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May. 5, 2015

Group. Fitness. Classes. Put those three words together in a phrase—now read them out loud. Did images of spandex leotards, leg warmers, and Olivia Newton John-style workouts pop into your head? I honestly can’t blame you if they did; the decade of “Let’s Get Physical” still has some pull more than twenty years later. However, it’s important that group fitness be associated with something else. Sure, hefting weights on the gym-room floor and hitting the treadmill are popular workouts for a reason, but ask yourself:

  • Are you new to working out/strength training?
  • Is your progress or motivation flagging?
  • Do you have signs of muscular imbalances?

If you answered yes to even one of the above questions, you could be… totally normal! And someone who could benefit from a weekly group fitness class or two.

As a certified personal trainer, group fitness instructor, and bikini competitor, I know the goal-hitting advantages of cross-training between lifting sessions. Sure that spin class isn’t for you or that you’ll never get hang of that Pilates reformer machine? That’s OK. There are more options for classes than there are gym tanks in your closet, and some classes will meet your needs and fit your style more than others. If you set goals and are willing to give 100 percent effort, group classes can help you succeed faster and better than you might have thought possible. Check out the reasons how below.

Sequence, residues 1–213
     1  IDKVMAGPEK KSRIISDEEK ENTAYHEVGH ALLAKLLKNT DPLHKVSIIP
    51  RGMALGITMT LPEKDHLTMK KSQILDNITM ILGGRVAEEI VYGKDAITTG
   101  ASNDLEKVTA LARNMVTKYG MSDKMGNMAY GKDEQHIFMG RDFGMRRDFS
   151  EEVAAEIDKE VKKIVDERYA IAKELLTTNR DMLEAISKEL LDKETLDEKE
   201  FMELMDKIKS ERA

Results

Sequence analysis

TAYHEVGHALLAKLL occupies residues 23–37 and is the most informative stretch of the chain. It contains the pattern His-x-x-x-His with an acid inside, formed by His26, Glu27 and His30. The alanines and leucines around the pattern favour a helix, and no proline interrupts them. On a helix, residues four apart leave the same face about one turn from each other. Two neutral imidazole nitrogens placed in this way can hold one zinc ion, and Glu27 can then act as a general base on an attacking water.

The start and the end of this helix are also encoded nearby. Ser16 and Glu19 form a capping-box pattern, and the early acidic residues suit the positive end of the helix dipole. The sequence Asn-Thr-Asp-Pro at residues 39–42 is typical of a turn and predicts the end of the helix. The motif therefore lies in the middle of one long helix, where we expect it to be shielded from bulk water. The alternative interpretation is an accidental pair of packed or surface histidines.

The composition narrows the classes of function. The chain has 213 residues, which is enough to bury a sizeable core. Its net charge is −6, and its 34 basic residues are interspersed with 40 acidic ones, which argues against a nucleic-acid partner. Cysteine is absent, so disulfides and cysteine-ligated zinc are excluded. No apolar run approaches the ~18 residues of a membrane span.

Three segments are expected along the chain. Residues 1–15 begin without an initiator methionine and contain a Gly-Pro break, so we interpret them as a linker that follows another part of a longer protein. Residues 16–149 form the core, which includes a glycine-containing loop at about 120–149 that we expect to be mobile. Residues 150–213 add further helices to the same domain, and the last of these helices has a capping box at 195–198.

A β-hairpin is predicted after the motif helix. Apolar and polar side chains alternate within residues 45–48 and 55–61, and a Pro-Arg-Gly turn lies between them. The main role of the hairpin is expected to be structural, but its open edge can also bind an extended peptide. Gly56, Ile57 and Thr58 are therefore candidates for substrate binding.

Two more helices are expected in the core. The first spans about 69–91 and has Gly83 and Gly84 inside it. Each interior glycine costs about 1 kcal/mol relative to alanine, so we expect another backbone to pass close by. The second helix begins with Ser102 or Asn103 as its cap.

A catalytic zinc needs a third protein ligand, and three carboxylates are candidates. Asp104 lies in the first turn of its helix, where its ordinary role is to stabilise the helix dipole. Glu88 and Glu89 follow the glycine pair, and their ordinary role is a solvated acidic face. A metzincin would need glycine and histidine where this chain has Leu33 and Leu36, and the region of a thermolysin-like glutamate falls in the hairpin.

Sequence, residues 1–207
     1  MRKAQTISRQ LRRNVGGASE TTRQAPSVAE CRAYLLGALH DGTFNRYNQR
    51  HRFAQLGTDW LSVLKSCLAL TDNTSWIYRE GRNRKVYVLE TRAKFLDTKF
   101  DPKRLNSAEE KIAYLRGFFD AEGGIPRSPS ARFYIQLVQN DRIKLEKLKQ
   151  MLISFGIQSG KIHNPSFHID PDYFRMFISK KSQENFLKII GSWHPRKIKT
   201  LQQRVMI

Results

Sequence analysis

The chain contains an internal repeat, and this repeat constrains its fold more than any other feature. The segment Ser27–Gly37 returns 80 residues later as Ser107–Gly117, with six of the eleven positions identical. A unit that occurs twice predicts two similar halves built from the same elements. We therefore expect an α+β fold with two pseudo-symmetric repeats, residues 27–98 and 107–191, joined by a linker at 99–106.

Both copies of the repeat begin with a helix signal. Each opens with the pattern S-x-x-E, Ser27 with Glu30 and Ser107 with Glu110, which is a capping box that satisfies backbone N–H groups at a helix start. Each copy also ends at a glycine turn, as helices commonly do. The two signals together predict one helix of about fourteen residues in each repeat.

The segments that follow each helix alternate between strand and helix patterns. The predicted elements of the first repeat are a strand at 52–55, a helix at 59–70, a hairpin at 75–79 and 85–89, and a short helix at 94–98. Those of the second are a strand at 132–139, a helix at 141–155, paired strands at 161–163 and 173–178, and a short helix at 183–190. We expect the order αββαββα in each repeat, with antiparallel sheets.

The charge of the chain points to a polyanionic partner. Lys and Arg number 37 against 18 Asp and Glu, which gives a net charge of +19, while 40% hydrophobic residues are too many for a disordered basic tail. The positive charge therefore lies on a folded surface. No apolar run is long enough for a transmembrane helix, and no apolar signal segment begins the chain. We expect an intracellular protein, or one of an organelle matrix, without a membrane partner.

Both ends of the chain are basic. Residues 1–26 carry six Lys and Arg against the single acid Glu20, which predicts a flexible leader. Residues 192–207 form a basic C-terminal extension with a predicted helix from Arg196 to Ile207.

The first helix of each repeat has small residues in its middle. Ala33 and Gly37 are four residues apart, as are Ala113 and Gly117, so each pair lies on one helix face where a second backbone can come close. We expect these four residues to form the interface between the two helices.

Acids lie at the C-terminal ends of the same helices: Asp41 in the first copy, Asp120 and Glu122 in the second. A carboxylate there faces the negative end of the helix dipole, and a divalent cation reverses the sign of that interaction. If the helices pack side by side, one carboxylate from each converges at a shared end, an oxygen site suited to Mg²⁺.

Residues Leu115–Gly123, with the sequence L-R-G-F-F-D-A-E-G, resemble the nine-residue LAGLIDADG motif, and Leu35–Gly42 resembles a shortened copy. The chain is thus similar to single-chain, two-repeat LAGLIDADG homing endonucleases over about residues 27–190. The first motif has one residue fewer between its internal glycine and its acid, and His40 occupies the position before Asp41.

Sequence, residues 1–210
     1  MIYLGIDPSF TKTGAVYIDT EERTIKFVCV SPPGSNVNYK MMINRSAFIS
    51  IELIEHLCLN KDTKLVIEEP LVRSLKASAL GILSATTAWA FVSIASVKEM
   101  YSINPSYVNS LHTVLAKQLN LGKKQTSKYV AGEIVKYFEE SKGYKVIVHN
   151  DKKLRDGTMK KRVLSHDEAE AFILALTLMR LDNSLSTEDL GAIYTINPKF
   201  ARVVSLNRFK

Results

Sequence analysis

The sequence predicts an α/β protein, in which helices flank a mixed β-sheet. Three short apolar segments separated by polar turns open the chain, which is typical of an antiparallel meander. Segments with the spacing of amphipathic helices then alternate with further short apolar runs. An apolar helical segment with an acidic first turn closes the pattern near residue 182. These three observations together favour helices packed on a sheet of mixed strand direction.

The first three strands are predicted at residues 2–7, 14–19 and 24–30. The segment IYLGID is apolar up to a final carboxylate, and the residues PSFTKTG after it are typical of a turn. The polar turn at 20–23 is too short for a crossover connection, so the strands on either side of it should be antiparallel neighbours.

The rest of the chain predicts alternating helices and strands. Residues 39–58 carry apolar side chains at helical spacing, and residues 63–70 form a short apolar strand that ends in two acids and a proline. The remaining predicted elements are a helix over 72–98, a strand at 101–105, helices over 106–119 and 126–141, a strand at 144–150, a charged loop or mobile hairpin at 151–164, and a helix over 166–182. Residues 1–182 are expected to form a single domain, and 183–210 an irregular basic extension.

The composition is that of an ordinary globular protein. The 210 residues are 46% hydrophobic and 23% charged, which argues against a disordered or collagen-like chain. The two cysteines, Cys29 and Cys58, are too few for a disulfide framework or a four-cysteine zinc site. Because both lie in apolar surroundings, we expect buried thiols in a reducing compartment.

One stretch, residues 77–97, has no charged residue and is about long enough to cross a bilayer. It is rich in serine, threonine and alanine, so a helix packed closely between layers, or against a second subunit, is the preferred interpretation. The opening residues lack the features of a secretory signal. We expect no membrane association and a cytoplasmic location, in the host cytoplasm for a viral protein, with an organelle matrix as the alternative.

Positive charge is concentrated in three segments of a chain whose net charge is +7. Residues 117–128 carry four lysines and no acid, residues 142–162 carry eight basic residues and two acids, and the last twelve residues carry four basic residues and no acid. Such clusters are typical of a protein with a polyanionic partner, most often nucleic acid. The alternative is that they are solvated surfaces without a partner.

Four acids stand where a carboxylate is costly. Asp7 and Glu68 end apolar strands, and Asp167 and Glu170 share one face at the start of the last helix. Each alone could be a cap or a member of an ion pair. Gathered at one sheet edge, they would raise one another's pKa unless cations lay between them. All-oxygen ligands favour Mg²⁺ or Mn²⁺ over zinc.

When training at home, one daunting question of self-doubt has no doubt come into your head: “Am I doing this right?” Well, it’s hard to know how good your squat is if you don’t have a giant mirror and no one is there to check your form! Of course, you can always pay extra for a personal trainer, but group fitness classes can be very helpful—and the price is often included in most gym memberships.

Muscle imbalances can come about in many ways, from suffering an injury to simply having a more dominant side. Over time, muscular imbalances can create serious issues. Hamstring imbalances, for example, can cause tightness and pain in your lower back. Sometimes, working with machines or doing exercises that don’t challenge muscles individually can exacerbate the problem by allowing the dominant side to, well, dominate.


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